- And as an organisation, how can you profit from solving the world’s problems rather than creating them? In other words, is the world better off because your company is in it?
What do you see in the world that makes you optimistic about the future?
To quote Desmond Tutu: “I’m a prisoner of hope.” The latest IPCC report is incredibly alarming, and there’s no doubt that we’re heading towards a dramatic reckoning. Many of the signs are visible already today. But it will also be our opportunity to create a more inclusive, equitable, sustainable world. And if we grab that chance, we could very well be looking at one of humanity’s most successful periods. This is the growth story of the century.
“There’s no doubt that we’re heading towards a dramatic reckoning. Many of the signs are visible already today. But it’s also going to be our opportunity to create a more inclusive, more equitable, more sustainable world.”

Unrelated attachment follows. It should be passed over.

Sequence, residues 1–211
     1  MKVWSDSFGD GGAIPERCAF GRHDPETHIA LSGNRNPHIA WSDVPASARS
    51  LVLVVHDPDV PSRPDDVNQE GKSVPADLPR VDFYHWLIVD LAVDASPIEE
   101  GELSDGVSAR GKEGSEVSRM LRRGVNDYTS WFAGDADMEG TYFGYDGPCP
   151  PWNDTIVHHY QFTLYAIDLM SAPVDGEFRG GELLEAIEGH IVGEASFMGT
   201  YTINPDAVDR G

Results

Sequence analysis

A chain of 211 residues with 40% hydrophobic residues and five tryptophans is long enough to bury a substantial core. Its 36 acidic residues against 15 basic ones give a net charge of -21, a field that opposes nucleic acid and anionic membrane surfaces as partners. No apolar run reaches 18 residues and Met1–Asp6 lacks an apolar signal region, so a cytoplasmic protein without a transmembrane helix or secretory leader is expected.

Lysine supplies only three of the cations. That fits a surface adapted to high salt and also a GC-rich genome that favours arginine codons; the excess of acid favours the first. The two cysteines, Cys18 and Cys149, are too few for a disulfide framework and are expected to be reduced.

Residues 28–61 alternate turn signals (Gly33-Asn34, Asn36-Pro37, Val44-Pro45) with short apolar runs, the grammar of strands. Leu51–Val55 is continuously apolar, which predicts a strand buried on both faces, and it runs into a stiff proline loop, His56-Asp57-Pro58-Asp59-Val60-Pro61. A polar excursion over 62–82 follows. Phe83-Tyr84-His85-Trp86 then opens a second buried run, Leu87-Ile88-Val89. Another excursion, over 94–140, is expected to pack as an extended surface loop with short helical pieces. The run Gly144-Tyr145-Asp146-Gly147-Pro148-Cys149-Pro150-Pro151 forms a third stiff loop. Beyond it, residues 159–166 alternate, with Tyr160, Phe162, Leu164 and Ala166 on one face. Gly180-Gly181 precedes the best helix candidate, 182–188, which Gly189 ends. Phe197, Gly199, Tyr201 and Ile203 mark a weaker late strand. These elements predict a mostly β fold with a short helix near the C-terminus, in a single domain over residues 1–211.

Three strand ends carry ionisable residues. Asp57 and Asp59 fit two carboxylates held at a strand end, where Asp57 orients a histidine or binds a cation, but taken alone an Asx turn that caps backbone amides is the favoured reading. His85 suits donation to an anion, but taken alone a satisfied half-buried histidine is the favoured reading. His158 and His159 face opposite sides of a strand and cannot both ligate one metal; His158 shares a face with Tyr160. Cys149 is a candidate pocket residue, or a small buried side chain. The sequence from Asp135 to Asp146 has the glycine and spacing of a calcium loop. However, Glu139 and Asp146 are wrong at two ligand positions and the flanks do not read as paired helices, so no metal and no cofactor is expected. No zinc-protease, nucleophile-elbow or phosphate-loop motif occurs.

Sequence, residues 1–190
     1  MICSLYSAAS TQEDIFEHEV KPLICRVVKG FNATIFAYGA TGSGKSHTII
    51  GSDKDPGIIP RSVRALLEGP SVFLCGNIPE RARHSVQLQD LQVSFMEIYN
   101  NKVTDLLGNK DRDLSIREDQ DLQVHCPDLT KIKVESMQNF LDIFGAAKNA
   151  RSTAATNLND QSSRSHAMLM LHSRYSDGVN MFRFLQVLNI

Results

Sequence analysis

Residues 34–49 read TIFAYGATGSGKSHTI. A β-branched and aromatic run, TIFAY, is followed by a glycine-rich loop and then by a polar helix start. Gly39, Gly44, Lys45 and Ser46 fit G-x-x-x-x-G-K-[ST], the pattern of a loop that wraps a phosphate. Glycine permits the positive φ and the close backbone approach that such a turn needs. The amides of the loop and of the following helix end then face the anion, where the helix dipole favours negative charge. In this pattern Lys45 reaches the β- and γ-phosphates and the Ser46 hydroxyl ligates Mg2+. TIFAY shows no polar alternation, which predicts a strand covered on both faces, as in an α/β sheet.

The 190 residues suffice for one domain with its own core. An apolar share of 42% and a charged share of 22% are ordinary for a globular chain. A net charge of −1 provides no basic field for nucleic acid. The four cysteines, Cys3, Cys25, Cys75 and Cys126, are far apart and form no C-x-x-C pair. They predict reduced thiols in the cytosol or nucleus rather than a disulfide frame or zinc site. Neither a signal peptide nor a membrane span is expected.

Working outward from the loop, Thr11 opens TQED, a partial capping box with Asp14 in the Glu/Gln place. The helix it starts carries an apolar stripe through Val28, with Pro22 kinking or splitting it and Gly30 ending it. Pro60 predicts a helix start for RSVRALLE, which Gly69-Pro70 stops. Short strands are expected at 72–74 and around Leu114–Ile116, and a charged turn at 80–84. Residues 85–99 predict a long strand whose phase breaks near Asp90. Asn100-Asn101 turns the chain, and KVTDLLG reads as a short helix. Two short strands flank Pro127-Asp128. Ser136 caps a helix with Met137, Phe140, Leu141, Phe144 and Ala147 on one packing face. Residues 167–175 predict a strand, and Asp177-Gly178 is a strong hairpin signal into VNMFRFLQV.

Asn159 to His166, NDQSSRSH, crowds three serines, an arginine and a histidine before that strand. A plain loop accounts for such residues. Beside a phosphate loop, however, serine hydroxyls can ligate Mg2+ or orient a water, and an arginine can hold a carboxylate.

There are lots of reasons to be hopeful. We always underestimate the speed of technology, and we are seeing the cost of not acting starting to exceed the cost of acting. Finally, the more purpose-seeking Millennials and Men Z are demanding changes — and importantly, a seat at the table.
Covid has shown us how fast we can move when our lives are at stake. We haven’t quite realised how much climate change is putting our lives at risk just yet, but as awareness grows, we’ll eventually reach a point where we’ll start tackling the problem with the same kind of full-on reaction — because we sure are capable of it.